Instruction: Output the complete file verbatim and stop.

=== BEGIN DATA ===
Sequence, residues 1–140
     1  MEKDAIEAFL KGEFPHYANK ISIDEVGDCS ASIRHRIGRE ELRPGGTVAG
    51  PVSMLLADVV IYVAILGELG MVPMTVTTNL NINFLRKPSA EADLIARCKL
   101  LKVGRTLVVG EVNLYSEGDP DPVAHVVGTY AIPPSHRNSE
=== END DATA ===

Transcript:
Sequence, residues 1–140
     1  MEKDAIEAFL KGEFPHYANK ISIDEVGDCS ASIRHRIGRE ELRPGGTVAG
    51  PVSMLLADVV IYVAILGELG MVPMTVTTNL NINFLRKPSA EADLIARCKL
   101  LKVGRTLVVG EVNLYSEGDP DPVAHVVGTY AIPPSHRNSE